These are the empty valued expressions which has no value. 

In the above example, we are just printing something but there is no value declared.

Void Expressions cannot be used as operands for generating complex expressions. Such as,
Console.Write("Void") + 2; // Compile-time error
The above expression gives you the compile time error as the void expression we used has no value.

Assignment Expressions:
These type of expressions will perform the action and assigns the result of that expression to a variable by using '=' operator. 
a = a + 4
The above expression is a valid expression (not void) as it has an assigned value. It adds the numeric value '4' to a and stores the result in a.

Hence, it can be used in another expression such as,
b = 2 * (a = 3)
The above code assigns 3 to a and 6 to b.

Assignment expressions are used to initialize multiple values in the same expression. For example,
a = b = c = 5   // Which means a = 5, b = 5, c = 5

There are some compound assignment operators such as,
a += 4 // This means a = a + 4
These are known as the syntactic shortcuts.

Operator Precedence and Associativity

precedence and associativity determines the order of evaluation of an expression which has multiple operators. Priority of execution is given to the operators with higher precedence
If we have the same kind of operators in an expression, then associativity helps in determining the order of evaluation.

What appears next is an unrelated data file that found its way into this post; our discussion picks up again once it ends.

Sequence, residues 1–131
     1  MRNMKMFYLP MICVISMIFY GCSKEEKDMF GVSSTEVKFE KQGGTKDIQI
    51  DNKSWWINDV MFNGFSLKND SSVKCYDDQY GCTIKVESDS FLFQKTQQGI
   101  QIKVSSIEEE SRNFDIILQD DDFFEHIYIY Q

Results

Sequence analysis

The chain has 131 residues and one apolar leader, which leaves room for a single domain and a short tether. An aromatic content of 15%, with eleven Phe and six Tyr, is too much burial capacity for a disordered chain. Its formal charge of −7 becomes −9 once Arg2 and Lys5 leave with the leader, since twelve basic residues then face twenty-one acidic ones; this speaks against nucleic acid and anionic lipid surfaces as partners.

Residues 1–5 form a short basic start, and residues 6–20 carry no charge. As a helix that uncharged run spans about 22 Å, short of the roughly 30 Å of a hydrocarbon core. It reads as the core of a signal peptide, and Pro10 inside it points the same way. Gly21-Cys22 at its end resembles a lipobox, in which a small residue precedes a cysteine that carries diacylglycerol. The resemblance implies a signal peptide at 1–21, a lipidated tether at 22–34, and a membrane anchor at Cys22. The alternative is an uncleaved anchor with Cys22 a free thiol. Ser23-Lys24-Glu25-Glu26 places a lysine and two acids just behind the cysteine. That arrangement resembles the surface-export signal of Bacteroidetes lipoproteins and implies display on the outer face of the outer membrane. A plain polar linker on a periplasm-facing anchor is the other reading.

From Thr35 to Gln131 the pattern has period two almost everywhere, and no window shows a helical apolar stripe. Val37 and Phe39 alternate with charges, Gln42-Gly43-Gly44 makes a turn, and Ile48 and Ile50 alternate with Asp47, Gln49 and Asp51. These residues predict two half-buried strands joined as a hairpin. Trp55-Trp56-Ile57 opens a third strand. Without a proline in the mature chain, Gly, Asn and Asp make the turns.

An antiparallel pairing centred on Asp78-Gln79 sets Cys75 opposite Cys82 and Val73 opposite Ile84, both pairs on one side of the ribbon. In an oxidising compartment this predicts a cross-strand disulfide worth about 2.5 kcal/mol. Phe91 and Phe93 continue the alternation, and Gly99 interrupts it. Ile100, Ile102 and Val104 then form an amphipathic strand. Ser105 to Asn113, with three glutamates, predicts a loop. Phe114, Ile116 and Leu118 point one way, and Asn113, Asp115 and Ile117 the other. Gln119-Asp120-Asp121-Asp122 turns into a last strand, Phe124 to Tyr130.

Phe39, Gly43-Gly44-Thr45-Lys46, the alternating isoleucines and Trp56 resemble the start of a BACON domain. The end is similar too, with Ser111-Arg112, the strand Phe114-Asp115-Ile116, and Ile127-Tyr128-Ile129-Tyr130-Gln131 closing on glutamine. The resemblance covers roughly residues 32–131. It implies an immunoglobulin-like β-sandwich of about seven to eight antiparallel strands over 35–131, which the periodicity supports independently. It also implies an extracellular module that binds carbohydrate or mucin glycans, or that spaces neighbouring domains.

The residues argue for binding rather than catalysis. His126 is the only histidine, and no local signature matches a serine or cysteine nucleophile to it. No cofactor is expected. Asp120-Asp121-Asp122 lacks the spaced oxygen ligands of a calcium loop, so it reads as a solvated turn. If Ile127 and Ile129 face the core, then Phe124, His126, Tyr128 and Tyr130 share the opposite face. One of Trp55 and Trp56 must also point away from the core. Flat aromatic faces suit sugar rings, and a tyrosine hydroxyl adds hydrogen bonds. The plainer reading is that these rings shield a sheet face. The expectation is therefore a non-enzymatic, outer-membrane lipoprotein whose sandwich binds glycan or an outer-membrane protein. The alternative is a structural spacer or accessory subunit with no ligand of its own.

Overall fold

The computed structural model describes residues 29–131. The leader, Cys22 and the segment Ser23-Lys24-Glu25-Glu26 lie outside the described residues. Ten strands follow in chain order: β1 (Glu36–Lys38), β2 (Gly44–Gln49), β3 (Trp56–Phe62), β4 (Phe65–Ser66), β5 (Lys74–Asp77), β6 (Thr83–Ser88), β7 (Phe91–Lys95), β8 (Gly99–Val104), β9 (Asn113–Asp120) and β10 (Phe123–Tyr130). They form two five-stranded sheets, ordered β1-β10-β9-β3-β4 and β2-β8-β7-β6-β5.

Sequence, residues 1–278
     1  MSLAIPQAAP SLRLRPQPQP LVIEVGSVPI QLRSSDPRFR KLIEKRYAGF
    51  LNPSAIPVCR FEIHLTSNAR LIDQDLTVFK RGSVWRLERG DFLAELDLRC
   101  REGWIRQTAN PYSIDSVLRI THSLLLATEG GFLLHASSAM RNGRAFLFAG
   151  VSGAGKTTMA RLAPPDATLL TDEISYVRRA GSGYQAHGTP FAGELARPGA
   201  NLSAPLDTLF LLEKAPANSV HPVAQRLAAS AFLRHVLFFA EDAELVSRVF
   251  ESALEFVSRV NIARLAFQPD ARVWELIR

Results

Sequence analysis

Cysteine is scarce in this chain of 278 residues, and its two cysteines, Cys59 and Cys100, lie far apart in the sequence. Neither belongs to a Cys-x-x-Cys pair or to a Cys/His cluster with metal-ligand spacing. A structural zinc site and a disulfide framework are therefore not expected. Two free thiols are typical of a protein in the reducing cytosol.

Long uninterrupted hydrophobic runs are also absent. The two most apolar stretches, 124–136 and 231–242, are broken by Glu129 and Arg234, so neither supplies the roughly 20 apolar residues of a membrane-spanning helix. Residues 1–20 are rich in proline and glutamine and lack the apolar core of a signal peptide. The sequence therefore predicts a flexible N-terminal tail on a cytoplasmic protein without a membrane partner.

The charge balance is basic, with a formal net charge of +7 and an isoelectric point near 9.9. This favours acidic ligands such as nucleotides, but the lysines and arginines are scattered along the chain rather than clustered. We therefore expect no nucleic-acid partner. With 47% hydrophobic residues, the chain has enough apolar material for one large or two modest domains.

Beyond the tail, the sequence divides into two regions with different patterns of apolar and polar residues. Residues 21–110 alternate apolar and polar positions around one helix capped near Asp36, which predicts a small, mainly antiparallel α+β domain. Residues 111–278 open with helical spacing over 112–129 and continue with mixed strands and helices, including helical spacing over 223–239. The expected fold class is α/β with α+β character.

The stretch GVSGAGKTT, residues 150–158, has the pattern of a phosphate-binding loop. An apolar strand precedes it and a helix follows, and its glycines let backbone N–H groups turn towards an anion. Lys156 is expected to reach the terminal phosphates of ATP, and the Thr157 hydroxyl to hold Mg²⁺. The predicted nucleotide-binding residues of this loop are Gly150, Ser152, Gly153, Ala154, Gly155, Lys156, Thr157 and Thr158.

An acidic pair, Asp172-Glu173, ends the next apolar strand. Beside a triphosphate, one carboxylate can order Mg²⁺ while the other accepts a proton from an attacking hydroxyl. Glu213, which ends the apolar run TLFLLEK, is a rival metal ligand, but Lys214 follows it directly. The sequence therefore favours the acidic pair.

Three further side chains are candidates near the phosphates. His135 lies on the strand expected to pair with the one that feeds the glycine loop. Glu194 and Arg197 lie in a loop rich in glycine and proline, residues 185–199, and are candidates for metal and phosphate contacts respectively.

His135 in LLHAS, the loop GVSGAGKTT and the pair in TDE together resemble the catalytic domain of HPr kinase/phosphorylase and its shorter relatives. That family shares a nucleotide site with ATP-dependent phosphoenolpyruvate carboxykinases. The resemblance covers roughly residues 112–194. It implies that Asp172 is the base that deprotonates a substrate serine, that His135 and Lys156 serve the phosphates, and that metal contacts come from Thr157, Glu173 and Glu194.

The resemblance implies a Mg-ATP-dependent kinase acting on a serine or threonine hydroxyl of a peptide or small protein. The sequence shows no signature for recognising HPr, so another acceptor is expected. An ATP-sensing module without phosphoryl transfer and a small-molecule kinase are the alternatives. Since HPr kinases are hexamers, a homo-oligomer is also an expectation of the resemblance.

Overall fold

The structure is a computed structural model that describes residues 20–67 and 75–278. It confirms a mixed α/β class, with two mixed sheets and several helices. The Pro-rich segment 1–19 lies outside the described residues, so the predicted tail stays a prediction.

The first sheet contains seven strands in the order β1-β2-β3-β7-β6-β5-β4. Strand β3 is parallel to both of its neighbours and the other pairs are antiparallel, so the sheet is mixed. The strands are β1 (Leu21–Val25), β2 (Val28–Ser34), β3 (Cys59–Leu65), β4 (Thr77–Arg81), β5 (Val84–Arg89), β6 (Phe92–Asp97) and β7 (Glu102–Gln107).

Let's take an example expression with multiple operators,
15 - 4 * 3
The above expression performs '*' first because of its higher precedence (BODMAS rule). So it becomes as,
15 - (4 * 3)
All the binary operators are left associative except the assignment, lambda and null coalescing operators. 
Left-associative means they will execute from left to right.

4 * 2 * 2 // 16
This will be executed as,
(4 * 2) * 2  // 16
Now let's take another example like,
16 / 8 / 2
This should be evaluated as,
(16 / 8) / 2 // 1
If we change the order of evaluation,
16 / (8 / 4) // 8

Note: please see the difference in comments.

Right-associative operators are the assignment operators, null coalescing, lambda and conditional operators.

a = b = c = 5
The above expression assigns the value '5' to c (first) and then to b (right to left) and so on.


In this article, we have looked into 'var' and different types of expressions in C# programming. Hope you understand.

Thanks for reading.


Read Statements and types of statements in C# after this article.
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About the Author

Full Name: Krishna Vamshi Goud
Member Level: Gold
Member Status: Member,MVP
Member Since: 2/12/2014 2:34:09 AM
Country: India
Thanks & Regards, Krishna

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Comments or Responses

Posted by: Vivek.Ramapuram on: 8/15/2014 | Points: 25
Happy Independence Day
Good posts .... Thank you vamsi Krishna ... it is very easy to understand to learn by your postings :)
have good day